Active teens less likely to become drinkers

-A A +A
By Stephen Thomas

HEBRON ESTATES - When it comes to teenage drinking issues, sometimes the experts are the teens themselves.

A panel of students from both North Bullitt and Bullitt Central high schools gathered to host a town hall forum last spring at the North Bullitt library.

The North Bullitt panel included representatives from the school’s Family, Career and Community Leaders of America (FCCLA) organization, including Shelby Adkins, Katie Brannon, Kayla Horton, Amber Palmertree and Natalie Shaner.

Bullitt Central’s panel consisted of representatives from the Students Against Destructive Decisions (SADD) led by co-sponsor Jennifer Hallinan. They included Cory Anderson, Tyler Bishop, Brooke Ferguson, Becky Gardner and Zachary Thomas.

The meeting included a video and discussion along with “fatal goggles” allowing an opportunity to experience vision under the influence of alcohol.

A presentation of statistics relating to underage alcohol use and abuse began the event.

“Most underage drinking takes place at home,” said Gardner. “Each year approximately 5,000 die under age 21 due to underage drinking. We had a few in Bullitt County this year.”

North Bullitt Family Consumer Science instructor Melissa Fox acted as event overseer. She mentioned at-home drinking by teens correlated at times with parental approval.

“Parents host parties and feel they’re safer if they keep them (at home), but they’re actually hurting them,” said Fox. “People also think they’re own kids won’t do it (drink at home), but it happens in Bullitt County.”

Gardner shared a statistic that over 75 percent of senior students tried an alcoholic beverage without parental knowledge.

Another statistic showed 20 percent of students attempted binge drinking by Grade 10.

The video focused on setting boundaries with teens, keeping up with technology and communication with other parents.

“Knowing what they’re doing will only make it better,” said Fox. “If you listen, it’s all about Myspace and Facebook.”

Fox said on occasion students wouldn’t tell parents about a party they planned to attend because someone else would likely be drinking even if the student wasn’t.

Gardner said statistics showed teens tend to drink less frequently than adults, but will consume more each time they drink.

One final statistic showed approximately 10 percent of 9- and 10-year-olds have tried alcohol.

“They’re not even in middle school yet,” Gardner said.

During the following discussion both school panels shared knowledge of issue based upon research and first-hand experience:

- The majority of Bullitt County youth do not use alcohol, but many think they do.

- Teens consider drinking to mean drinking until you pass out.

- Tell-tale signs of alcohol use include lack of interest in anything, a drop in grades, physical changes, avoiding activities or sports, rebellion against school or family rules, not wanting to meet friends, coming home and covering up smells with cologne or chewing gum.

- Parents should remain involved in their children’s lives and need to be more open about alcohol issues. Students said parents think they aren’t listening to them, but they are.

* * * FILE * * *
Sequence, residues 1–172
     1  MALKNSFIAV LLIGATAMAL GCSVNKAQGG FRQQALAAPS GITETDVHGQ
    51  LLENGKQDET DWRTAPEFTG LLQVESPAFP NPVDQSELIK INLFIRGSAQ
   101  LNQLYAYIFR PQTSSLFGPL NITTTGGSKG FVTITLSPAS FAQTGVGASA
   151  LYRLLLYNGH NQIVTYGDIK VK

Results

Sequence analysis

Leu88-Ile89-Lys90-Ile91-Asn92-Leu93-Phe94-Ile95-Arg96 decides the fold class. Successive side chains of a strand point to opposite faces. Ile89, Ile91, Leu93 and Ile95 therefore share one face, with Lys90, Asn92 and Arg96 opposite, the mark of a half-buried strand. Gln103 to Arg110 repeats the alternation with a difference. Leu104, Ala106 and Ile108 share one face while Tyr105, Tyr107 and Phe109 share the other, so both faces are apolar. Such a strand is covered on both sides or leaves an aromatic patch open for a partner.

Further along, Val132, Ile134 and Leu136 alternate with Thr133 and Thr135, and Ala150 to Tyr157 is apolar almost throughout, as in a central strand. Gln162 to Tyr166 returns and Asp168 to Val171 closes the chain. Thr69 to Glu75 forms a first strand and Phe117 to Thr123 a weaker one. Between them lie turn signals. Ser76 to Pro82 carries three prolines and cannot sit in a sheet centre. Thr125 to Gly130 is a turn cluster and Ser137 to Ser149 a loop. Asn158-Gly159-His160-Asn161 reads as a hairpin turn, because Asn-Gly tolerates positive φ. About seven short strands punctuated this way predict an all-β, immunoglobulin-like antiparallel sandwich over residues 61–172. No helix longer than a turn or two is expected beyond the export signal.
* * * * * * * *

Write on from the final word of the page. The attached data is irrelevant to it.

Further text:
- Parents need to learn, and share with children, the effects and consequences involved. Teens may think drinking is harmless or just fun, the bad things won’t happen to me.

- Take your children to places, no matter how big or small, just to show them they can have fun without using alcohol.

- Parents say stay away from trouble, rather than offering help. If you feel like you can’t talk with your parents, talk to a teacher or someone else you can trust.

- Students uninvolved at school are more likely to drink. They should get involved in clubs, activities and groups. Less time limits the desire to drink.

- “Life Skills” should be required curriculum in Bullitt County high schools.

- If parents can’t get through to their children, maybe friends can from a different perspective.

- A friend might get mad at you for a while if you tell them their mistakes or bad choices, but they’ll appreciate it in the long run.

- Sometimes students feel like they have to drink, even if they don’t want to. They need someone to talk with, to understand them and help them feel better about themselves.

Bullitt County Public Schools Safe and Drug Free Schools coordinator Jaime Goldsmith was impressed with the discussion. She stressed keeping kids active in school and clubs as well discouraging parents that offered alcohol or a safe place to drink.

“We need more parental involvement but we need to stop parental providers,” she said.

Goldsmith said every Bullitt County high school has experienced an alcohol-related death in the recent past. She added that teen drinking could effect any type of teen.

“It’s not just the bad kids who drink,” she said. “A lot of popular kids do it.”

Melissa Eggleton attended the event with her daughter Sam and neighbor Kristy Pence. Sam and Kristy attend Zoneton Middle School.

“I think the biggest thing I learned is that teens don’t realize the impact they have on other teens,” Eggleton said.

The Eggleton family knew a student that died from alcohol-related issues. Eggleton brought the girls because she thought further knowledge always helped.

“Sam said she wouldn’t drink, but the education is still important,” said Eggleton. “I was unaware of how high the middle school (alcohol) involvement was.”

Sam said she learned that you’d likely end up dead from using alcohol. Kristy agreed.

“People do it to be cool but that’s stupid,” she said. “It’s harmful.”

Members of the Bullitt County Partners in Prevention attended the event. The group provided students with many of the statistics used. For more information or statistics call PIP at 955-5355 or go to www.bcpartnersinprevention.com.